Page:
WHITE PLAINS, N.Y. (AP) -- When he hired Itzhak Perlman as artistic director of the Westchester Philharmonic in 2007, Joshua Worby thought he'd hit a grand slam.
He figured that Perlman, a popular, world-famous violinist, would attract new subscribers, raise the reputation of a suburban orchestra just outside New York City and spur fundraising by 40 percent.
"That's the way we projected it," said Worby, the Philharmonic's executive director, "and most of it came true."
Sure enough, attendance doubled. Perlman said he was "extremely happy." Even one category of fundraising, donations from individuals, went up 25 percent.
Then the economy tanked, corporate giving dried up and the orchestra ended the 2008-09 season with a deficit instead of a surplus.
Orchestras, theaters, museums and other arts organizations in the nation's suburbs face the challenge to attract customers — and donors — from the same population going to the Chicago Symphony, the Smithsonian or Broadway plays.
With the recession cutting into corporate and government funding and making Americans cautious about their spending, the groups are working harder to promote their small-town advantages — especially an easier commute and cheaper ticket prices.
"You can see a show at our theater for what you would pay for parking downtown," says Terry James, executive director of the Marriott Theater in Lincolnshire, Ill., 35 miles outside Chicago. "Our average price is $30, our top ticket is $45. Our parking is free." And attendance is booming.
Producers warn, however, that convenience and low prices in the suburbs won't be a draw unless quality at least approaches what's available in the city.
"The appeal of the Westchester Philharmonic — and this is probably true of suburban orchestras throughout the country — includes the ease with which you can get to us, afford the tickets, park, get in and out," Worby said. "But it's a slippery slope because you can't fool audiences if your product is substandard. Manhattan is just 20 miles down the road."
Perlman agrees. "Convenience is just icing on the cake," he said. "Nobody is going to say `I don't care what I listen to as long as it's close.'"
Outside San Francisco, the Berkeley Symphony also stresses convenience.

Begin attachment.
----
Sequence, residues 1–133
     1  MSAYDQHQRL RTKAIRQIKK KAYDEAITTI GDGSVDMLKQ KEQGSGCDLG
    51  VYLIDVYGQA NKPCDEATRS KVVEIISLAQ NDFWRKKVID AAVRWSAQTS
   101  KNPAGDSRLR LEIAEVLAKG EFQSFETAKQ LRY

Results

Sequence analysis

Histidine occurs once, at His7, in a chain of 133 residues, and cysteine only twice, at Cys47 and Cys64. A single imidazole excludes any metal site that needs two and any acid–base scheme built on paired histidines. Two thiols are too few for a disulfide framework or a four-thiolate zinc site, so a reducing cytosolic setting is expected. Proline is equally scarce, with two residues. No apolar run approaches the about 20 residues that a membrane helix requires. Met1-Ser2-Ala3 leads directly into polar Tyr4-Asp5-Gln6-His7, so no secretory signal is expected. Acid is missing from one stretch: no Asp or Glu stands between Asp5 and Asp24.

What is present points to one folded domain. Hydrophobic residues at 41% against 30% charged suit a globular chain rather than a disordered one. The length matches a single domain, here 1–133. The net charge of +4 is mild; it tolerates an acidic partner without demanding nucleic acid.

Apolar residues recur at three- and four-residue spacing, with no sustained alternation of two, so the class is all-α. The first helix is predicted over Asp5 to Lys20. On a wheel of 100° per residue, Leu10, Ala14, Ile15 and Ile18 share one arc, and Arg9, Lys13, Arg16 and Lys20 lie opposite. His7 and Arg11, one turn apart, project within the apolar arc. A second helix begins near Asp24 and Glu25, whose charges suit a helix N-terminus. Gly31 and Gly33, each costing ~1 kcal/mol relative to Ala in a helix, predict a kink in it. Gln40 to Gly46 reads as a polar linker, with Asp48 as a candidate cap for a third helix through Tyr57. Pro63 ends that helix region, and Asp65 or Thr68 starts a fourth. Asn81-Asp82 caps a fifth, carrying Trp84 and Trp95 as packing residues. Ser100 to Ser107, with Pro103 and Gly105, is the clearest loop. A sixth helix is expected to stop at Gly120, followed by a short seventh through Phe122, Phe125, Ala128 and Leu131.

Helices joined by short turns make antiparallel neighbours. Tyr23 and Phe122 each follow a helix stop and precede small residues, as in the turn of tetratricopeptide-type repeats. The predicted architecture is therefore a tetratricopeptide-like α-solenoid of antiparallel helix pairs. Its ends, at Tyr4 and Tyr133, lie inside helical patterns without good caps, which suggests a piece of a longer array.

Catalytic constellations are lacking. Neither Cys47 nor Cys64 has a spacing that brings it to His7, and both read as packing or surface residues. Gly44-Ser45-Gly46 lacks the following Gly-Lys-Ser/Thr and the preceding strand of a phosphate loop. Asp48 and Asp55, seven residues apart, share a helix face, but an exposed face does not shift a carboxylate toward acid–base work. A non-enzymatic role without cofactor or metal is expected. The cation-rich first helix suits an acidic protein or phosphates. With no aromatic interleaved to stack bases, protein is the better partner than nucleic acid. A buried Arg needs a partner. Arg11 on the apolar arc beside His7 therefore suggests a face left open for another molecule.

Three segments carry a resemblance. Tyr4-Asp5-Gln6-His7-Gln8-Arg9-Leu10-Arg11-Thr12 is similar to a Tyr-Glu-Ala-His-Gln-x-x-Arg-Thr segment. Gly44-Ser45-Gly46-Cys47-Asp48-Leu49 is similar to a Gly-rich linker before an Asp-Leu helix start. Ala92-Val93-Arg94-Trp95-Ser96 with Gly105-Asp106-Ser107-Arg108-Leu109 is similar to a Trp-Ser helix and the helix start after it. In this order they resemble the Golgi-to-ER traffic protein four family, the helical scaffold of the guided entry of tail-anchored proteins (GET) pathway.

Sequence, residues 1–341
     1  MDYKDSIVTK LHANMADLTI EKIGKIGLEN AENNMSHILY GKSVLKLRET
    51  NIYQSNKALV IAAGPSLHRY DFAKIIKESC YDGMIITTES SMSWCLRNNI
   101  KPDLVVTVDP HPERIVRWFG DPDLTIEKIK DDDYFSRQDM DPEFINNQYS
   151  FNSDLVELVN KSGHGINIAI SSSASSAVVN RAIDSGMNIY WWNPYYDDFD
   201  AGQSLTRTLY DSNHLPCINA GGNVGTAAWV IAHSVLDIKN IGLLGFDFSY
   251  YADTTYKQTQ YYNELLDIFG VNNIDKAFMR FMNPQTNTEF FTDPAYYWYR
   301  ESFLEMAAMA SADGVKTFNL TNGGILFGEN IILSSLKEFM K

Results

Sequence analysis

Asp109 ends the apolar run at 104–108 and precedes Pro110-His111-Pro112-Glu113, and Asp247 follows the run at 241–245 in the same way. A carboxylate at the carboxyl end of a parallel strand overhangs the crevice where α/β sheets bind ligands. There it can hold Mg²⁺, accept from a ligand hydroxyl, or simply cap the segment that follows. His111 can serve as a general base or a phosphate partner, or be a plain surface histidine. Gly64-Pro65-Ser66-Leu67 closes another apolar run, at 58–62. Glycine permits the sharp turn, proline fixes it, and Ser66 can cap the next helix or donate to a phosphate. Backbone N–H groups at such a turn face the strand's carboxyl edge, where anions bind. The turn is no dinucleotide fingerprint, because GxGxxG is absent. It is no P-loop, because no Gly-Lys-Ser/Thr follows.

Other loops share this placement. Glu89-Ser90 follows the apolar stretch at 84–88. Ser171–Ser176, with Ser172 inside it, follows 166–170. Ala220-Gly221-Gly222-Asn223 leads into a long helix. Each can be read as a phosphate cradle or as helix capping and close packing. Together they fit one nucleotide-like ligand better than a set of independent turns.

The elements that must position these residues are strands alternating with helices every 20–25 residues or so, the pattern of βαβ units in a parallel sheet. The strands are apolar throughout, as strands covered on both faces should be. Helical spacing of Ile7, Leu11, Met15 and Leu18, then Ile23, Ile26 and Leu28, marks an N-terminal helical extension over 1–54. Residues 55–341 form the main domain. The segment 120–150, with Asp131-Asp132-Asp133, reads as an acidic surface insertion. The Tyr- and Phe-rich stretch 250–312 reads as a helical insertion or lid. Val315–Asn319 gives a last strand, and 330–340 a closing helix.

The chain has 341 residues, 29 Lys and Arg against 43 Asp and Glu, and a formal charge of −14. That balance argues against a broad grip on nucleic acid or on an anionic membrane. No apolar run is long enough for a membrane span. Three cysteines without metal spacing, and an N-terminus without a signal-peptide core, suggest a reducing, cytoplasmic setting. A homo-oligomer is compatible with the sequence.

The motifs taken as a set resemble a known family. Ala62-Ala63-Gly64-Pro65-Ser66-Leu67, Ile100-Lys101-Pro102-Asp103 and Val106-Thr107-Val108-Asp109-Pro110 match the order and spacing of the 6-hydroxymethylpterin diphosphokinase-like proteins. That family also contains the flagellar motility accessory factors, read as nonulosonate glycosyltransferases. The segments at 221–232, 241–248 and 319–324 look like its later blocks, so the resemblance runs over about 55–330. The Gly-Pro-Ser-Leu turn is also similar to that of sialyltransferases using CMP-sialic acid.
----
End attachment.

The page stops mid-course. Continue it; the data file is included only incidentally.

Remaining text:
"We do play that up, that you don't have to drive across the Bay Bridge and pay your $4 toll or whatever or take a BART train," says spokesman Kevin Shuck. "But part of our message to the Berkeley audience is that you don't have to go to the San Francisco Symphony to get high quality."
The Berkeley has also built a reputation as a champion of 20th century music under Kent Nagano, who has just stepped down after 30 years as music director. Shuck said attendance was up 6 percent in Nagano's final season and the orchestra is hoping that excitement over new music director Joana Carneiro will keep attendance, corporate support and donations from dropping.
In Chicago's suburbs, musical theater is a major enterprise, with full-time professional theaters north, south and west of the city, all selling convenience unashamedly and all heavily subscribed and apparently recession-proof.
The 900-seat Marriott Theater, which is part of a resort and turns a profit, has almost 40,000 subscribers who see five musicals a year.
"We have not seen a dip in recent years, even after 9/11," James says. "But we know it's discretionary income and we know we can't just throw junk out there for people to see. I think our reputation stands up to downtown."
He says there's plenty of room for the suburban theaters, even when city theater is flourishing.
"If `Wicked' is playing downtown, that's going to be competition," he says. But a show like that would also draw thousands of new theater customers, "and a lot of these new customers live in the suburbs," he said.
Kyle DeSantis, who runs the for-profit Drury Lane theater in Oakbrook Terrace, Ill., says convenience plays a role in the theater's success, where he says attendance is up.
"People like the idea of not hassling with the driving and paying for the parking," he says. "But I'd like to hope the quality of the productions also brings people in."
He said it's possible the lower-priced suburban theaters could even benefit from the recession, but added: "If there's a hit, a show people want to see, people tend to pay whatever it costs."
At the nonprofit Theater at the Center, 35 minutes from downtown Chicago in Munster, Ind., artistic director William Pullinsi says sales have been going up for three years.
The theater's only bow to the recession is to lower prices for next season, Pullinsi said.
"We haven't been as dependent as most nonprofits are on contributions," he said. "I've been hearing from other people in the nonprofit sector that that money has taken a hit."
That was certainly true for the White Plains Performing Arts Center, which established a nonprofit musical theater 22 miles from Manhattan in 2007 and nearly got through two seasons before it had to cancel "Hello, Dolly!" this spring.
The theater had 1,100 subscribers and seven productions "and then the economic sky seemed to fall in all around us," board Chairman John Ioris said. "We lost a lot of our corporate and municipal support."
He has retrenched, however, and expects to announce a new season shortly, confident that musicals can sell in the New York suburbs.
"Our tickets are less expensive than Broadway and we're attached to a building with a parking garage in it," he said. "I think parking is $3. A big part of our audience has said they'd rather come to us than go to New York if they have a valid reason to do that."
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